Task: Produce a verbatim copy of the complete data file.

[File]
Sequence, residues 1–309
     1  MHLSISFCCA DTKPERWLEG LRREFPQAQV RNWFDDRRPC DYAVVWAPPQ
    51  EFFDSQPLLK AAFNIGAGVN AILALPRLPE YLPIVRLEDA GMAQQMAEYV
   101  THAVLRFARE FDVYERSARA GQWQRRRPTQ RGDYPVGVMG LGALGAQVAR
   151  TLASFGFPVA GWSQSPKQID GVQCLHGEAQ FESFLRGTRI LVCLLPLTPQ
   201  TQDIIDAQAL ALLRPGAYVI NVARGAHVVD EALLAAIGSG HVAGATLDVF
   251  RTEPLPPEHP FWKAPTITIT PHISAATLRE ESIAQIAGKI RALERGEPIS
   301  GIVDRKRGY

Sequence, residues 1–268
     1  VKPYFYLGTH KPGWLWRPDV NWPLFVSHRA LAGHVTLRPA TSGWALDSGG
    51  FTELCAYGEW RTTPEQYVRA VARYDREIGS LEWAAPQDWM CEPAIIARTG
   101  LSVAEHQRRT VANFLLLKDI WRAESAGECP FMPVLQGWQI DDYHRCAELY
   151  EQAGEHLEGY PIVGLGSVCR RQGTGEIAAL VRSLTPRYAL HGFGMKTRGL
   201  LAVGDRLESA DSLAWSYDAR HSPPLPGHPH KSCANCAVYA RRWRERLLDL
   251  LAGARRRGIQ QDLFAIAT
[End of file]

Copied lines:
Sequence, residues 1–309
     1  MHLSISFCCA DTKPERWLEG LRREFPQAQV RNWFDDRRPC DYAVVWAPPQ
    51  EFFDSQPLLK AAFNIGAGVN AILALPRLPE YLPIVRLEDA GMAQQMAEYV
   101  THAVLRFARE FDVYERSARA GQWQRRRPTQ RGDYPVGVMG LGALGAQVAR
   151  TLASFGFPVA GWSQSPKQID GVQCLHGEAQ FESFLRGTRI LVCLLPLTPQ
   201  TQDIIDAQAL ALLRPGAYVI NVARGAHVVD EALLAAIGSG HVAGATLDVF
   251  RTEPLPPEHP FWKAPTITIT PHISAATLRE ESIAQIAGKI RALERGEPIS
   301  GIVDRKRGY

Sequence, residues 1–268
     1  VKPYFYLGTH KPGWLWRPDV NWPLFVSHRA LAGHVTLRPA TSGWALDSGG
    51  FTELCAYGEW RTTPEQYVRA VARYDREIGS LEWAAPQDWM CEPAIIARTG
   101  LSVAEHQRRT VANFLLLKDI WRAESAGECP FMPVLQGWQI DDYHRCAELY
   151  EQAGEHLEGY PIVGLGSVCR RQGTGEIAAL VRSLTPRYAL HGFGMKTRGL
   201  LAVGDRLESA DSLAWSYDAR HSPPLPGHPH KSCANCAVYA RRWRERLLDL
   251  LAGARRRGIQ QDLFAIAT